Accredited Investor Requirements and Private Securities

If you invest in certain types of investments, such as venture capital, private equity, and hedge funds, you will typically be purchasing private securities not registered with the Securities and Exchange Commission (SEC). These investments are not traded in the public marketplace. Federal law puts restrictions on individuals who can actually buy these private securities. Businesses and private funds are generally only permitted to sell these securities to persons referred to as accredited investors. As such, these investors must meet certain accredited investor requirements in order to participate in the purchasing the securities.

According to the Securities Act of 1933, other than exceptions provided for in the law or those created by the Securities and Exchange Commission, offers and sales of securities must be registered with the SEC. Regulation D provides some important exemptions to the registration requirement.

It is important to become acquainted with accredited investor requirements if you are interested in investing in opportunities involving private companies, a venture capital fund, a private equity fund, managed futures funds, or hedge funds.

The Accredited Investor
Within Regulation D is encompassed the definition of the accredited investor. In fact, the definition of this term refers to individuals or entities who have a particular financial sophistication and ability to endure the losses associated with an investment, and also have the ability to protect themselves in the case of such losses, rendering the protections offered by the Securities Act process not necessary.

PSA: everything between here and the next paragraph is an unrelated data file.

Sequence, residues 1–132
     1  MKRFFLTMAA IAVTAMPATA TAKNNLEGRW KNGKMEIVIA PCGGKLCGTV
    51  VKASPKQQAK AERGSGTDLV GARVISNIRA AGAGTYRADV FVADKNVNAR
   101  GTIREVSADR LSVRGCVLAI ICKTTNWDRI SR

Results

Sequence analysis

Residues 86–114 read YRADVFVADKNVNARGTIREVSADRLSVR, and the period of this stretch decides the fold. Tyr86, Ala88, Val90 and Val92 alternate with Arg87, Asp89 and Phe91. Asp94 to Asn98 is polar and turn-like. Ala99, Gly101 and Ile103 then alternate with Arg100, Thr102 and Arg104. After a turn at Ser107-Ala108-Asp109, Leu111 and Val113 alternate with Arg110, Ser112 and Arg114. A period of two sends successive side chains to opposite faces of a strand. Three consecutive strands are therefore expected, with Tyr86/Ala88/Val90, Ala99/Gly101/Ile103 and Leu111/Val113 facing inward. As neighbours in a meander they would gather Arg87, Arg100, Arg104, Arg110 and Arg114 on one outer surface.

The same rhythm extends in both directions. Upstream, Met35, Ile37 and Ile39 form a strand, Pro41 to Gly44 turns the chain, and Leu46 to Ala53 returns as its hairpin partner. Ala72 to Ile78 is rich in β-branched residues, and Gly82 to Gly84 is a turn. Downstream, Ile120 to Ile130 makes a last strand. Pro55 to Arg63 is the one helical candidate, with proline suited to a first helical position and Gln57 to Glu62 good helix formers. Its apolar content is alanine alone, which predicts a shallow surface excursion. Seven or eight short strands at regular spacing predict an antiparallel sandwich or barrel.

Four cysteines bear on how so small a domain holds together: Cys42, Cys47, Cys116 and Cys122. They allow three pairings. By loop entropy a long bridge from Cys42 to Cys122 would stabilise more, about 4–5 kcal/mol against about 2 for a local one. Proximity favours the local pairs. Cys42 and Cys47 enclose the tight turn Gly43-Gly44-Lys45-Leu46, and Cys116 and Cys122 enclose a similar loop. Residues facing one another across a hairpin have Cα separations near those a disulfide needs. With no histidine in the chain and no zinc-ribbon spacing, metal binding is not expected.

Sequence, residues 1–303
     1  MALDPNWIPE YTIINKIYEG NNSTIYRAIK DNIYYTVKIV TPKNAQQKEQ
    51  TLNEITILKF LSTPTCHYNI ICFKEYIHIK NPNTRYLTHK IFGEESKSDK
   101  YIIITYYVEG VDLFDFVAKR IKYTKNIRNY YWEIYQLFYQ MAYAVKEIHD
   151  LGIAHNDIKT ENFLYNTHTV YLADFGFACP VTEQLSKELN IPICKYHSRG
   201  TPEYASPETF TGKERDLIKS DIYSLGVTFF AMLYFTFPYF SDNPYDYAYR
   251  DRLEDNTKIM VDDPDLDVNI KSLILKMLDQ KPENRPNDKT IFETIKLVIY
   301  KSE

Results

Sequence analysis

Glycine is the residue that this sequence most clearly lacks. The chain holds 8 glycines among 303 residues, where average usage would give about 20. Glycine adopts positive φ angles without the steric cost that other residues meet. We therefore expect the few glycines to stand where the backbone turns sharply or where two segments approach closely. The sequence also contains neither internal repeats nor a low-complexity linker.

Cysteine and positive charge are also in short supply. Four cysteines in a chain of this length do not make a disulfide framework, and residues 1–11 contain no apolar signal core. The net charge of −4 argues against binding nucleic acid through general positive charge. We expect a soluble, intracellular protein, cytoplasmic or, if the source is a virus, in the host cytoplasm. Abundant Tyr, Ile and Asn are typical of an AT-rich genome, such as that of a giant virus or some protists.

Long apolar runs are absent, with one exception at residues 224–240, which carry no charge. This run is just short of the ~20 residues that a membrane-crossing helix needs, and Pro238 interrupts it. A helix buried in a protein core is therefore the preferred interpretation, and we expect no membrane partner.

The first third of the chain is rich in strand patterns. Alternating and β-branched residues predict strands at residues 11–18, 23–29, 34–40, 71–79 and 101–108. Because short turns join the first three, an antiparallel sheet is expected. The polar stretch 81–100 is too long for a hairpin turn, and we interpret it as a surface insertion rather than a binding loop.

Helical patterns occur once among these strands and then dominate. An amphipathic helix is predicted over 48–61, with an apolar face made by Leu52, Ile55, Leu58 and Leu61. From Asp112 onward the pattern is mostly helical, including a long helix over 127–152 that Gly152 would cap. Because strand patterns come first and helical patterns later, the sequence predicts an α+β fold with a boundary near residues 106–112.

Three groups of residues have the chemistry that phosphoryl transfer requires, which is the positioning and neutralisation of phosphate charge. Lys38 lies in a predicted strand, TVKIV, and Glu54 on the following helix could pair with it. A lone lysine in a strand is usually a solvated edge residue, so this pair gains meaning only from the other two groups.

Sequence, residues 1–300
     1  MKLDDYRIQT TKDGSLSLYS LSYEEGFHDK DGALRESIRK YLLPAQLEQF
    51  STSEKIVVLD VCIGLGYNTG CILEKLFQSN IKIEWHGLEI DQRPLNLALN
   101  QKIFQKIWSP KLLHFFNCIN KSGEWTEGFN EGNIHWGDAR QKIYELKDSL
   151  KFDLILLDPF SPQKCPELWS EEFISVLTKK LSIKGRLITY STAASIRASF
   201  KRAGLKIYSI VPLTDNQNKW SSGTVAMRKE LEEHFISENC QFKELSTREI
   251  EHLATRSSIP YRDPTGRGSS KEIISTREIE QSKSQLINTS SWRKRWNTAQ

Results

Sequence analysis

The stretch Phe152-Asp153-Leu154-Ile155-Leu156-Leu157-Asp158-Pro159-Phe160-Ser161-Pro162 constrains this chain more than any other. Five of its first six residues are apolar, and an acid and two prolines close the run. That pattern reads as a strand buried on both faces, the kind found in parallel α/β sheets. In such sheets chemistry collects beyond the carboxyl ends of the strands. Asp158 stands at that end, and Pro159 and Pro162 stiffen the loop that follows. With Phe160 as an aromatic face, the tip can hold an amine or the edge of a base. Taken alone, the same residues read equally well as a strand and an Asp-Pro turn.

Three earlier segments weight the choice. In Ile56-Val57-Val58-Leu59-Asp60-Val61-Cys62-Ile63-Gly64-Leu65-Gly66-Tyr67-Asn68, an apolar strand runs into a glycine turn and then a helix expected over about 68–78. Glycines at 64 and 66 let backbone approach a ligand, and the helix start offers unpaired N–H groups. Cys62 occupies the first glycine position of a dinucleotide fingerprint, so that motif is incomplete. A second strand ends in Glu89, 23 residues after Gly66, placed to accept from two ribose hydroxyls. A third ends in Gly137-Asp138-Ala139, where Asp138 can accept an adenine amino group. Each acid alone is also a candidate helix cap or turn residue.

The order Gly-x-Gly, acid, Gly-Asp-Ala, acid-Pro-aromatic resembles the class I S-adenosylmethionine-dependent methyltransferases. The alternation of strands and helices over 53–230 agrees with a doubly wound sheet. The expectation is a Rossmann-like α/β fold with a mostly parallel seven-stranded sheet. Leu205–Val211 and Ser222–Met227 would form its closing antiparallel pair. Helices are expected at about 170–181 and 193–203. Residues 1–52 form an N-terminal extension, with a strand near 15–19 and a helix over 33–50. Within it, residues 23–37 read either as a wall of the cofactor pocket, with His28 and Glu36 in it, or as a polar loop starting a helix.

The types of accredited investors covered under Regulation D include individuals as well as certain types of entities such as banks, trusts, business development firms, and nonprofit corporations.

The criteria concerning individual accredited investor requirements are as follows:

 * Earned income is an individual which is greater than $200,000 in each of the two most recent years, or joint income with a spouse which is greater than $300,000 in each of the two most recent years – there must also be a reasonable expectation of attaining the same level of income in the current year.

 * Excluding the value of the primary residence, the individual net worth or joint net worth with a spouse must be a minimum of $1 million.

Trusts as Accredited Investors
Trusts are somewhat misunderstood. Are they an entity? Are they an extension of an individual person? They are a little bit of both, but for accredited investor purposes, it’s best to think of them as their own category. A revocable or irrevocable trust is often utilized by individual investors to hold their investment accounts for purposes of estate planning. Provided that all of a trust’s equity owners are accredited investors themselves, the trust will meet the definition of an accredited investor. Alternatively, most trusts that have over $5m in assets can qualify as accredited investors.

1 person likes this post.

Be Sociable, Share!

    Author: Greene Connor

    Share This Post On

    Submit a Comment

    Your email address will not be published. Required fields are marked *

    five × 1 =

    Shares